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Japan losses highlight complexity of supply chain risks


The recent devastating earthquake and tsunami in Japan highlighted the complexity of business interruption claims and supply chain risks, and risk managers should review their insurance programs to ensure that they are not left holding large losses when disaster strikes, a panel of experts advised.

The repercussions from the quake’s disruption are so widespread that they touch operations throughout the world, said the panelists, who spoke during a “hot topic” session Tuesday at the Risk & Insurance Management Society Inc.’s annual conference in Vancouver.

Estimated insured losses from the quake and tsunami range from $21 billion to $34 billion, said Holly Daley, director, global risk management at Hitachi Data Systems Corp. in Santa Clara, Calif. “Of the exposure in Japan, about 14% was insured for earthquake,” she said.

Business interruption and contingent business interruption coverage, though, was not widely written in Japan to cover losses from the catastrophe, Ms. Daley said. “A very small single-digit percentage” of such losses were likely covered, she said.

Companies in other parts of the world that experienced interruptions in their operations because supplies were curtailed from Japan also are mostly uninsured for those losses, according to the panelists.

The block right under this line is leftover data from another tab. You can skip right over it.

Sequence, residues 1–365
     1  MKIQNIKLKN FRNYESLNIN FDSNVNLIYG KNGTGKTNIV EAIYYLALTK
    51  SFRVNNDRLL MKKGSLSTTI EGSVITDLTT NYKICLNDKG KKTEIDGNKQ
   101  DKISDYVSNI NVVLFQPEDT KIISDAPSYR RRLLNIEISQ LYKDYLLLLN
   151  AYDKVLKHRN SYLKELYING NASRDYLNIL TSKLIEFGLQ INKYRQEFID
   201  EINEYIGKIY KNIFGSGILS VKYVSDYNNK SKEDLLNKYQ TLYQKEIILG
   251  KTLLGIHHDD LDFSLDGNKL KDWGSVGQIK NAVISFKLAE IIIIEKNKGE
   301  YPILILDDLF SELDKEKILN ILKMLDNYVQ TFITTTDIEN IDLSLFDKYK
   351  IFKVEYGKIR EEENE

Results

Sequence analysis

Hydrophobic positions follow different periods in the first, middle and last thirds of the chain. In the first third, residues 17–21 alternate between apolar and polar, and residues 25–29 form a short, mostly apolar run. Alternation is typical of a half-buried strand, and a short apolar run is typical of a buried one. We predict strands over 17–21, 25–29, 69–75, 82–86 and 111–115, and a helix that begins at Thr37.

Business interruption insurance generally is triggered only when there is damage to the policyholder’s property, which leaves a lot of companies uninsured for those losses as a result of the Japan earthquake, according to Duncan C. Ellis, managing director and U.S. property practice leader at Marsh USA Inc. in New York.

“You can buy standalone contingent time-element coverage specific to certain suppliers” that covers losses whether there is property damage or not, Mr. Ellis noted. “Butvery few people purchase it,” he said.

Only such risk-savvy firms as semiconductor and automobile companies that rely on critical supplies from Japan are likely to have such coverage in place to respond to the quake-related losses, Mr. Ellis said.

Nancy Sher Cohen, a partner at Los Angeles law firm Proskauer Rose L.L.P., urged risk managers to consider buying “all-risk” coverage for interruptions that would cover losses stemming from named suppliers.

Otherwise, coverage likely will only be triggered if the peril that caused the supplier’s loss is named in the policy, Ms. Cohen explained.

“All-risk policies,” on the other hand, generally cover damage that results from a peril as long as it is not excluded, said Ms. Cohen.

Risk managers that have claims related to the quake—whether their companies are in Japan or elsewhere—should file those claims as soon as possible, Ms. Daley urged.

“These claims are going to be very complex; they’re just starting to come in, which is typical. Two or three months after the event is when you are going to start seeing them,” she said. “I think good advice in this case is to be one of the first…start getting your documentation in now because it is going to be much more difficult in six months.”

RIMS President Scott B. Clark, who was in Japan during the earthquake, said he expects fallout from the catastrophe will show up in the form of higher premiums and restricted coverage.

“This is certainly going to be a game-changer,” said Mr. Clark, who is risk and benefits officer for Miami-Dade County Public Schools.